A new Apple keynote takes place Tuesday, September 15, 2020. This year is full of unknowns, but Tim Cook is expected to unveil the iPhone 12, Apple One, as well as other brand products and services. But by the way, what is a keynote? We explain everything in this complete file.
For all Apple fans it’s a bit like a Christmas party months ahead. The Cupertino company is holding a huge press conference followed around the world to present the new iPhone 12, the new Apple One subscription offer, AirTags, Apple Watch 6 and possibly other surprises, among other things. Called “keynote”, this event has the air of a sacred ceremony.
Read also: Apple Keynote of September 10, 2019: the expected news?
But what exactly is a keynote? Where does this term now in common vocabulary come from, even in non-Anglo-Saxon countries? How did Apple turn a fairly classic event into a date not to be missed? Here’s everything you need to know about the Apple keynote.
What is Apple Keynote?
The term “keynote” is in fact a very generic English word meaning “presentation”. As its name suggests, this is a presentation of key points that will be addressed during a series of other subsequent conferences. Apple appropriated the term keynote in 1984, while Steve Jobs presented the first Macintosh. This event was immortalized by a legendary introduction in which Apple passes off IBM (its “enemy” at the time) as a brainwashing company. Apple then plays the role of savior. Attention guaranteed thrills!
Since then, each keynote is a real event. And the word “keynote” is almost systematically associated with the Cupertino company for the general public. Apple broadcasts them around the world live, on video, on its website, on Twitter or via a dedicated application on its devices (iPhone, iPad, Apple TV).
Concretely, the keynote is a press conference in which Apple presents in order its financial results with key figures and its new “breakthrough” products. The brand then dissects the technical specificities of the products, punctuating everything with well-felt demonstrations on the most impressive features.
There are two per year. The first takes place in June to present new software (this is the Apple Worldwide Developers Conference), the second in September, just after the start of the school year, to present new products, such as iPhones, iPads and Apple Watch. Obviously, it is this second session that is most successful – and so it is the conference that will take place on September 15th.
The keynotes are punctuated, punctuated by a polished vocabulary to wow the gallery. They have become real shows over the years. The staging is calibrated: a person in the middle of the stage, a giant screen and a well-highlighted product. It’s minimalist and grandiose at the same time, Apple’s credo. Note also that the word “keynote” recalls the name of the software used by the Apple brand to make its presentations. This is the Powerpoint made in Apple that is part of the brand’s office suite. An entire program.
An Apple keynote: a unique show in the world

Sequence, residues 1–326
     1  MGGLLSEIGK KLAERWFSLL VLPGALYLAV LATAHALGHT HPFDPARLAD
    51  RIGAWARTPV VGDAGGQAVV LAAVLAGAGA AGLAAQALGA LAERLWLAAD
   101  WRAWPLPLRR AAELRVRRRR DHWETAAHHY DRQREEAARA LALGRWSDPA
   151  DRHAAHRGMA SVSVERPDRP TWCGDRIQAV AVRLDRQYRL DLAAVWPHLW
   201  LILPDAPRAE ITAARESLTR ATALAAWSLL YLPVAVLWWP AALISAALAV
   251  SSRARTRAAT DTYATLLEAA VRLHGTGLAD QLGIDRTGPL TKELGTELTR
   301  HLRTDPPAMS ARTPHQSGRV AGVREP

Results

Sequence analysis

An Apple keynote is an event well put together and calibrated to the millimeter. It is part of the brand’s marketing paraphernalia. Certain phrases spoken during these conferences have become true classics. Those of Steve Jobs remain engraved in the memories, because (it must be admitted) since his disappearance the keynotes have lost a little of their flavor.
We think for example of puchlines of Steve Jobs like “A stylus? but who wants a stylus? “ during the presentation of the first iPhone. We also think of the famous intro of 1984 during the presentation of the Macintosh or the first iPod that revolutionized the entire music industry.
The ingredients of keynote success: vocabulary used, structure, demos. Steve Jobs has always wanted to make technology accessible and simple. Keynotes were meant to be the showcase of this philosophy. On the giant screen, no frills. Even when talking about business.
Thus the financial results announced at the start of the conference are analyzed. The key figures are communicated. On the screen, one number per slide. The speaker gives the explanations in simple words. When it comes to product presentations, again Apple doesn’t dwell on the details. The firm has always known how to identify the strengths of its products and highlight them in the most beautiful way. It’s embedded at all levels of the business.
The mechanics are well established: we present a key feature, we embellish it with “amazing” and “wonderful”, we do a demo to show that what is said is true. And it works. With each new product presented, the public exults, exclaims and applauds.
The competitors of the Apple brand have tried to reproduce these shows, but whether we like Apple or not, we must admit that no one manages to match it in this exercise. Many have broken their teeth. Remember Steve Ballmer at Microsoft who multiplied communication errors when entering the scene under ecstasy (we suppose).
One more thing
This is one of the great traditions of Apple’s keynotes: the One more thing. A true institution, this is the last little announcement that seems like the icing on the cake. Except that Steve Jobs sometimes took great pleasure in turning this “little thing” into a real bomb. We think for example of the Macbook Pro, Apple TV, Macbook Air and iPhone X which were part of these One More Thing. As such, we invite you to relive the 2017 keynote, which lifted the veil on the iPhone 8 and iPhone X. Or the 2018 presentation of the iPhone XS.
Over time, this moment of the keynote has lost some of its luster – Tim Cook no longer uses it systematically. But the public still awaits a surprise that no one would have seen coming. It remains to be seen whether this will be the case this year for the presentation keynote of the new iPhone 12.